Picking up the wooden box, she turned and sat against the chest, placing the box in her lap. Carefully, she released the leather tie and lifted off the lid. It was an ornately carved little box, and when she removed he lid, she instantly smelled cedar. Inside, there was a pincushion with several pins and two threaded needles, several loops of thread, two skeins of floss, some folded panels of white cotton, a thimble, a blue ribbon, and deep in the bottom, several letters wrapped with a dull red ribbon. Shoving the other items out of the way, she hesitantly picked up the bundle of letters. As if interfering in something she should not, she simply held them in her hands and looked at the script running across the envelopes. Miss Hannah Amalie Bell. She sensed the letters were from Jack. Somehow, she knew it.
She held the packet in her hands. She had no right—no right whatsoever—to read these. No right at all to pry into the past life of the man with whom she now shared an existence.
Nor that of his former lover.
Claire dropped the letters into her lap, closed her eyes and leaned her head against the chest. She wouldn’t do it. It was none of her business. But then another voice broke into her thoughts. If you read them, you will know more about Jack, what he is like, what pleases him, what kind of a man he is. You are living with a man about whom you know nothing.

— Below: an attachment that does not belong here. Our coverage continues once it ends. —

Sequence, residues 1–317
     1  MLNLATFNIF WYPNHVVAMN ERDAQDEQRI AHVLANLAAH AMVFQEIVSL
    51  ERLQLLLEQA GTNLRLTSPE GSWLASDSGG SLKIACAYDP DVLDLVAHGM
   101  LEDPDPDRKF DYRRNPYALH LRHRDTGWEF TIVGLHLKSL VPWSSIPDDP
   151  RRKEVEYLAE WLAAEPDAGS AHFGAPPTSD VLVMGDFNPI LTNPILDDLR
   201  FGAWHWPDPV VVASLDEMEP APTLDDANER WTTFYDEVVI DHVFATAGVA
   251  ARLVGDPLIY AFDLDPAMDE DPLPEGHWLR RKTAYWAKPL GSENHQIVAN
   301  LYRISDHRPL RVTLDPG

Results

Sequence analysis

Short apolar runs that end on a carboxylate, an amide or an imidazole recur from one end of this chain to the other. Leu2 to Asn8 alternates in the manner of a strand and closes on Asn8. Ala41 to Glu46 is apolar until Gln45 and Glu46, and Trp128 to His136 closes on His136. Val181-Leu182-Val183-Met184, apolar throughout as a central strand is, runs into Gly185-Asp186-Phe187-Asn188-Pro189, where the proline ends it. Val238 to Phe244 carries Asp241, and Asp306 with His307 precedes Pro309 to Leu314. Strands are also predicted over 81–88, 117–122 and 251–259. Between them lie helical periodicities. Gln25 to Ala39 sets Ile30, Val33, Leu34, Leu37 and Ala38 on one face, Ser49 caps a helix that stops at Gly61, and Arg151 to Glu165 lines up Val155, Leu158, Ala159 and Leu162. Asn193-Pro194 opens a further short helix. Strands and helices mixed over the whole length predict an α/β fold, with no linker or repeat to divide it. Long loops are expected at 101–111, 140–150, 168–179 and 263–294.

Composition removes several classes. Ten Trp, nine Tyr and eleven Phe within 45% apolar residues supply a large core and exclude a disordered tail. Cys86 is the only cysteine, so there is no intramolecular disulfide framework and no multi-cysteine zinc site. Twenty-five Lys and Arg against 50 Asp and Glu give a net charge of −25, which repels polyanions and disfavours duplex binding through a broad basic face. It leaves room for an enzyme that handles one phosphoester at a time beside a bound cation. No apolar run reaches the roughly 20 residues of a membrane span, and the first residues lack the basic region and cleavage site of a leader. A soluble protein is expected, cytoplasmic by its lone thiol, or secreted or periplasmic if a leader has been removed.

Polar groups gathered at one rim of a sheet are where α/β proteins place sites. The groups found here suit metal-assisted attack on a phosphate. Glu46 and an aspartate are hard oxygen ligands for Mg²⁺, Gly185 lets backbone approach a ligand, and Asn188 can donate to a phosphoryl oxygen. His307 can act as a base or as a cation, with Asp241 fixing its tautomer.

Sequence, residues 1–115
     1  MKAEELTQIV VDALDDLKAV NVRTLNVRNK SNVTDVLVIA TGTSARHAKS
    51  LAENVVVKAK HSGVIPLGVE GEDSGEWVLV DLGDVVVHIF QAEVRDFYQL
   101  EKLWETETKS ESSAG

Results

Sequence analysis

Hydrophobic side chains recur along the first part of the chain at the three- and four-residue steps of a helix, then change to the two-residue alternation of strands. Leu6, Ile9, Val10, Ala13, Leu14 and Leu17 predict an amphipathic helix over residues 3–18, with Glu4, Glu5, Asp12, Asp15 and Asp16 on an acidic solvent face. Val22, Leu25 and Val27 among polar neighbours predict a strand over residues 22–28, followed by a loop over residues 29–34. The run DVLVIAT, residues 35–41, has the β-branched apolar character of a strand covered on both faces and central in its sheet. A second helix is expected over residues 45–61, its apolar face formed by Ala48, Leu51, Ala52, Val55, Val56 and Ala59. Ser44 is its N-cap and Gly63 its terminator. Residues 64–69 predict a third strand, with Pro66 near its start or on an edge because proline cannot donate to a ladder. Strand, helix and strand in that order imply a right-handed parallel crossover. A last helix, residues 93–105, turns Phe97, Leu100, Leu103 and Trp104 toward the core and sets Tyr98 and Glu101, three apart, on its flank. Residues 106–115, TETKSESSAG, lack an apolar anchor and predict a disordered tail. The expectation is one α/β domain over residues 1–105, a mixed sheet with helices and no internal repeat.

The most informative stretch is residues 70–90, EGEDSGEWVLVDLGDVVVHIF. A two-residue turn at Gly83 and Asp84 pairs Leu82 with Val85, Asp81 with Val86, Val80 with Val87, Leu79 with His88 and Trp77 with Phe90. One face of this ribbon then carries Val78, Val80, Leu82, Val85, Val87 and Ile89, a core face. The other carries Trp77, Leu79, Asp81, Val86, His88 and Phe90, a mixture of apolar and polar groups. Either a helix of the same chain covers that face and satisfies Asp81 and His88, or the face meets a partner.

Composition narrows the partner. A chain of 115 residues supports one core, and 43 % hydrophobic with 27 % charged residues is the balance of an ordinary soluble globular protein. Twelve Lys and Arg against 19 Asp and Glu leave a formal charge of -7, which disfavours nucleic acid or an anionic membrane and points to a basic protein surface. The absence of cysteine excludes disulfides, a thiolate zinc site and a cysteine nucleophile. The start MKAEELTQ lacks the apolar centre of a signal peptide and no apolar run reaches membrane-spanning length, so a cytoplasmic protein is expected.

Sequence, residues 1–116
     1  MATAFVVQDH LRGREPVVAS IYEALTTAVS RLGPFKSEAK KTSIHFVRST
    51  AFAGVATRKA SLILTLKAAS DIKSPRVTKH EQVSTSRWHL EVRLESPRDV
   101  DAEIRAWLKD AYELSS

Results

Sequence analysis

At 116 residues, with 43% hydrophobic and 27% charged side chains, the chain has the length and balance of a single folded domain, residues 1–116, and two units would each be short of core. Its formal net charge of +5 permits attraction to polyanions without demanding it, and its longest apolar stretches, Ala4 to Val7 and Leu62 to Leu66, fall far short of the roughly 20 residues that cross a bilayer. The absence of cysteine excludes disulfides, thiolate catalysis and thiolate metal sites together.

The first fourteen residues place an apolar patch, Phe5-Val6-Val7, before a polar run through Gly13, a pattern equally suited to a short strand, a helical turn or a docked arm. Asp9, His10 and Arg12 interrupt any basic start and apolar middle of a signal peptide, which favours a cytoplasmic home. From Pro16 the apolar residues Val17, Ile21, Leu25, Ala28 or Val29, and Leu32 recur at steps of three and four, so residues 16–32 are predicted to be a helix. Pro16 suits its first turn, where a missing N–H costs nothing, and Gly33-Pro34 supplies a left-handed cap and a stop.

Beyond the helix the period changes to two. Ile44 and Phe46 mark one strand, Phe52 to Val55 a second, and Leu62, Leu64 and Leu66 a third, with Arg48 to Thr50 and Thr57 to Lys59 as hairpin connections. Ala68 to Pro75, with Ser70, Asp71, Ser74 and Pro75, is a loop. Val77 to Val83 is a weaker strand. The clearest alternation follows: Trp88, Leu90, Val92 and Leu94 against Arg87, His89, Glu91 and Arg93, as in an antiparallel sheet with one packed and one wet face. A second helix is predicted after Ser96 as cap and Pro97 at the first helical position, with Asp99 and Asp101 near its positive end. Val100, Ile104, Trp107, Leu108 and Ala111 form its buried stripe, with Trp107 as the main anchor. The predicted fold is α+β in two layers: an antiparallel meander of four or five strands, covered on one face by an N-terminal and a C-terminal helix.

Glancing back down into her lap, she seized the letters and stared at them. Turning them sideways, she thumbed her fingers along the edges, counting each one. Seven. Eight. Nine.
Nine letters in all.
Were these courting letters?
Had Jack met her on the mainland and then pined for her when he was back on the island? Did he find it unbearable to be without her?
Maybe I need to read them.
And then, maybe I don’t.
She carefully laid the bundle in the chest deciding now was not the right time to invade Jack and Hannah’s private world.
She picked up the journal. A niggling of the same feelings swept over her, but she swiftly abandoned them. Letters were personal. This was not so much. Not that a journal wasn’t personal, it was, but she found it much easier to read the woman’s thoughts than to read a lover’s words written for someone else. And she couldn’t do that to Jack. But Hannah wasn’t here anymore, so reading her journal wasn’t nearly as sinful as reading her love letters.
She leafed through the pages. Within, were all sorts of recordings. Not only personal entries about the comings and goings and the social lifestyles in
, but little tidbits
like how to make soap and candles, and several recipes. Recipes! But her
interest in baking was long gone now. Bath